If the revolution in the Ukraine is unlikely to “foment a new protest movement in Russia”, then what is the main reason why “from the Russian regime’s point of view, the Ukrainian revolution must be stopped at all costs?
    I thought, based on your last post, that the main reason Putin was invading the Crimea was because of the $100 million dollar navy base, and because the majority of citizens in that area are Russian speaking, so that in a sense, the plan was to protect and secure the navy base while the rest of the country was in limbo, and as a side benefit, reintegrate, into Russia, the Russians living there.
    Do you think Putin has an agenda for the rest of the Ukraine as well? I wasn’t really sure why you said that if he fails in the Ukraine, he will ultimately fail at home.

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    1. mendeleyeev

      Thank you for your question and for reading our coverage. The writer was explaining that the current crisis over Russian troops in Ukraine is not going to foment revolution. However, had events culminating in overthrowing the corrupt government in Kyiv been left unchecked it may have emboldened the protest movement in Russia.

      I don’t know what his ultimate plans may be but am of the opinion that he will do as much as the rest of the world tolerates. One only has to look back to the conflict with Georgia in 2008 to understand that he has been left unchecked. As to his possible failure at home, the Crimean occupation will either strengthen him at home or lead to his eventual downfall. If he wins against the West, his statue at home will be even stronger. If however he is forced to back down it will weaken his power tremendously.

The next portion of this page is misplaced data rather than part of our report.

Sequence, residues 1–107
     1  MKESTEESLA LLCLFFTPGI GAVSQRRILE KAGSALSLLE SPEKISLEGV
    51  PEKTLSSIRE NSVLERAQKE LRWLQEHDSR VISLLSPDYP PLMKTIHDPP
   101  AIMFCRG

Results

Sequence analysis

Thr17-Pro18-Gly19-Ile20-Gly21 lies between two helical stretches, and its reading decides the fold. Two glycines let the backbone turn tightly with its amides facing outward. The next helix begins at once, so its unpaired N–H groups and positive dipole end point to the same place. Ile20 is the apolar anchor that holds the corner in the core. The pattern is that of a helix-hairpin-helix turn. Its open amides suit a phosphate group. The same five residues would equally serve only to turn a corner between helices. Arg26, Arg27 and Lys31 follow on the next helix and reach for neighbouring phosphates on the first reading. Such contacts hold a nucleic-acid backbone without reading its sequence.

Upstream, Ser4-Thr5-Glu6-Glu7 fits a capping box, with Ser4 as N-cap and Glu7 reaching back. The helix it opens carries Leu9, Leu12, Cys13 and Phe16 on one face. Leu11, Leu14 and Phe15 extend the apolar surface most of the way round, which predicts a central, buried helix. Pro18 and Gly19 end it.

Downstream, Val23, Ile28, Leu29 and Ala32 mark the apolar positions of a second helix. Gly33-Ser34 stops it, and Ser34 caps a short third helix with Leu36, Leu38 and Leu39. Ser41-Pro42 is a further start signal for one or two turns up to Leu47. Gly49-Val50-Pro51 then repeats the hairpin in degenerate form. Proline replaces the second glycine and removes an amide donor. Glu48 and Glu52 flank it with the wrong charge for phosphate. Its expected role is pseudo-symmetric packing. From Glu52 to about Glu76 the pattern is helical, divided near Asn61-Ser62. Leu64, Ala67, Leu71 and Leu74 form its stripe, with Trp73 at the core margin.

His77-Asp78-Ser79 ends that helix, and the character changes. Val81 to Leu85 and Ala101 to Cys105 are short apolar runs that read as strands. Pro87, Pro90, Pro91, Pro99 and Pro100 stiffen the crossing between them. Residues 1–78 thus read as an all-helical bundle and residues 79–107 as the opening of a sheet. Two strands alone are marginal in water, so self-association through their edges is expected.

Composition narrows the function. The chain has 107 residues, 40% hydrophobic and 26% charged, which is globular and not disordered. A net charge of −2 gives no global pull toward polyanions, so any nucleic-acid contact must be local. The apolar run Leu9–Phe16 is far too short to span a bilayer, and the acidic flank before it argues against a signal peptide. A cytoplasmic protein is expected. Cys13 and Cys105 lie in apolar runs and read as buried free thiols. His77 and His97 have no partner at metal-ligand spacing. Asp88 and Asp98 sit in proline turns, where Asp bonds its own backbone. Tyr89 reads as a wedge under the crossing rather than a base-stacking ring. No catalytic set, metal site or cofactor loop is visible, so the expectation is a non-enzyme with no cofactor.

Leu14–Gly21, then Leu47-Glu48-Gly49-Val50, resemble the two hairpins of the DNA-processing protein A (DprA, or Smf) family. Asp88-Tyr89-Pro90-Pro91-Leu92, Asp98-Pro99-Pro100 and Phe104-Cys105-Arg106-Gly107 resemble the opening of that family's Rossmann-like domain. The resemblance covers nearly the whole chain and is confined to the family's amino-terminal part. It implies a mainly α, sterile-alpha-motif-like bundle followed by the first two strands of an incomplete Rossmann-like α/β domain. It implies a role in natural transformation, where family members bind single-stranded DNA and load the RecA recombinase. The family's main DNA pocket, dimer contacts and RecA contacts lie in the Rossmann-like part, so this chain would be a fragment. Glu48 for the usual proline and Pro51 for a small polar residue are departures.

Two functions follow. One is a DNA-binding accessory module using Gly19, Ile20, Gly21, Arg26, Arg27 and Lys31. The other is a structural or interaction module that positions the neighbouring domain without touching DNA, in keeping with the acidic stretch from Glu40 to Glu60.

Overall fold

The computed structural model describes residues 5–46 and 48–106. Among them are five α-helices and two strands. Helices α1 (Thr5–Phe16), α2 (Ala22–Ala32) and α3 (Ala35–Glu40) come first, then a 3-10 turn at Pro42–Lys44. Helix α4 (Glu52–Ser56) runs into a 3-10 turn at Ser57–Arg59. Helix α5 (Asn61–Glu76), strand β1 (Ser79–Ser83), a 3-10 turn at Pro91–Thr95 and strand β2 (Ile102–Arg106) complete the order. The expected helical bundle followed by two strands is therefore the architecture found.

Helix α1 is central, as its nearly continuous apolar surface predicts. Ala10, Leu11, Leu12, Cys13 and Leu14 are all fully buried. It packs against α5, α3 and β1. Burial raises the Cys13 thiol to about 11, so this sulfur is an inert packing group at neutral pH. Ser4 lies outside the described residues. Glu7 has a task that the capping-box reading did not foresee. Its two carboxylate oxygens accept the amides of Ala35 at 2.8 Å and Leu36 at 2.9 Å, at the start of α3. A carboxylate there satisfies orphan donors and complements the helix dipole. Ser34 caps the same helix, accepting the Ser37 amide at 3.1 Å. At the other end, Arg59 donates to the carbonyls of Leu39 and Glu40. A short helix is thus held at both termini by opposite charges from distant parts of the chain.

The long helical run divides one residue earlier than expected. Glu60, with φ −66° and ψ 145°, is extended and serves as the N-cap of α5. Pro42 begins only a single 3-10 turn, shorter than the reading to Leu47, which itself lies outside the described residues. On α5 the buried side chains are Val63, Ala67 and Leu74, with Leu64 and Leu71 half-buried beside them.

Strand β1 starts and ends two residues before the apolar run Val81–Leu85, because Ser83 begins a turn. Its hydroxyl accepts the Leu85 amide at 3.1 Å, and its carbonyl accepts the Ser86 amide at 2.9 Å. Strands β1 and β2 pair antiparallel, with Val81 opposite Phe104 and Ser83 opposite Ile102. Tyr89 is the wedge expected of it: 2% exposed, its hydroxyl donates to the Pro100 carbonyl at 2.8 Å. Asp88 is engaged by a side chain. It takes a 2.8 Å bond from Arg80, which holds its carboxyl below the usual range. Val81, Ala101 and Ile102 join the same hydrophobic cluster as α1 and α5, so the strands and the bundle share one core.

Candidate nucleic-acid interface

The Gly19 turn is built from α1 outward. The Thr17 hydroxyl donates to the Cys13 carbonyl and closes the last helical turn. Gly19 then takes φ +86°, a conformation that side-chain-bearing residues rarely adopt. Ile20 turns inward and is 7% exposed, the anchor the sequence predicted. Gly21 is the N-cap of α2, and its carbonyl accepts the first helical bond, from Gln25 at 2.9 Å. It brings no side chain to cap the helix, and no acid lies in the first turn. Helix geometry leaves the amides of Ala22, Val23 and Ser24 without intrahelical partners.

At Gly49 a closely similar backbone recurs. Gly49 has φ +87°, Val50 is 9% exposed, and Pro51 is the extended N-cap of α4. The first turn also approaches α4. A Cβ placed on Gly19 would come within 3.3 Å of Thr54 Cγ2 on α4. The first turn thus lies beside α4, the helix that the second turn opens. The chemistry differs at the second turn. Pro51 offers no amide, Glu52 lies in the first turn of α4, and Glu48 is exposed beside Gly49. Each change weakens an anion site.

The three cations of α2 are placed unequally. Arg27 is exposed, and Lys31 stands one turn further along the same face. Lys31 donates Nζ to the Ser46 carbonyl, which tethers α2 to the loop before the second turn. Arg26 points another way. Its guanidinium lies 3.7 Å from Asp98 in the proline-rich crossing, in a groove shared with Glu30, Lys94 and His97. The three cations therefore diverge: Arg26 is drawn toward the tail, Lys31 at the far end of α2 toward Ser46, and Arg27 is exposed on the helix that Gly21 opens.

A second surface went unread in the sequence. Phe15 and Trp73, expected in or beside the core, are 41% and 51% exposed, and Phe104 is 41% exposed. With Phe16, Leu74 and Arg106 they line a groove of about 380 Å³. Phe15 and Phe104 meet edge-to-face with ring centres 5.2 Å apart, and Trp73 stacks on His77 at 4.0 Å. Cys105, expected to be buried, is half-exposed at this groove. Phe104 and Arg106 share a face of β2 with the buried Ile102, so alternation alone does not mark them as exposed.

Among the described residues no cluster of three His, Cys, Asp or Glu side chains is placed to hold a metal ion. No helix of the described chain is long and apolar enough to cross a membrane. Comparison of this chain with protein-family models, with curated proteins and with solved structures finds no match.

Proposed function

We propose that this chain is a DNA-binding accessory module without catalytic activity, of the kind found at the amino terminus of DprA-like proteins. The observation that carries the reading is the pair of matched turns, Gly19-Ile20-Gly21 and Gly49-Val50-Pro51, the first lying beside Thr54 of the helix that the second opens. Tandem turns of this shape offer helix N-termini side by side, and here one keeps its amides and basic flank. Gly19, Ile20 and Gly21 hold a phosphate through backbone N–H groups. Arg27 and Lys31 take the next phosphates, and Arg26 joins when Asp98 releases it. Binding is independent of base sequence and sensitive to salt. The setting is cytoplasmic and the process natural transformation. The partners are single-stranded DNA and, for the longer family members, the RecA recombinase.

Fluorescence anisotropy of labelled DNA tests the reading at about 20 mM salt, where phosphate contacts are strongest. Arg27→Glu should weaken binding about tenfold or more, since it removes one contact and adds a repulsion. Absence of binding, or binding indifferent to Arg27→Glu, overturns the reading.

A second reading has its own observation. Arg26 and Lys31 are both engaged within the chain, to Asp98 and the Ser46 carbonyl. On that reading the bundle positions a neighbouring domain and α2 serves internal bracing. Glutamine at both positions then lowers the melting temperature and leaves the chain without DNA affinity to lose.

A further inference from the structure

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  2. Pingback: President Vladimir Putin observed Western and Central Military District forces exercises | WORLD NEWS

  3. Among autocrats, Putin has maintained some flexibility for himself and his supporting nationalist and related patronage systems as regards his “plays” in the former Soviet Union’s sphere of influence. Ukraine’s primary challenge may not be to break from Russia as a matter of ethnic pride — it frankly can’t do that as a modern state and as constituted — but rather to confront the Russian leader’s narcissistic encouragement of its dependency in exchange for further control and continued skimming of its productive capabilities, the kind of skimming that brought Yanukovych his estates. I hesitate to suggest that Putin may work to affirm Russia’s influence in Ukraine while backing off exploitation for the greater aggrandizement of the “vertical of power”, but he has that option even if his interior motivation or hidden want has been to travel a whole imperial and imperious route.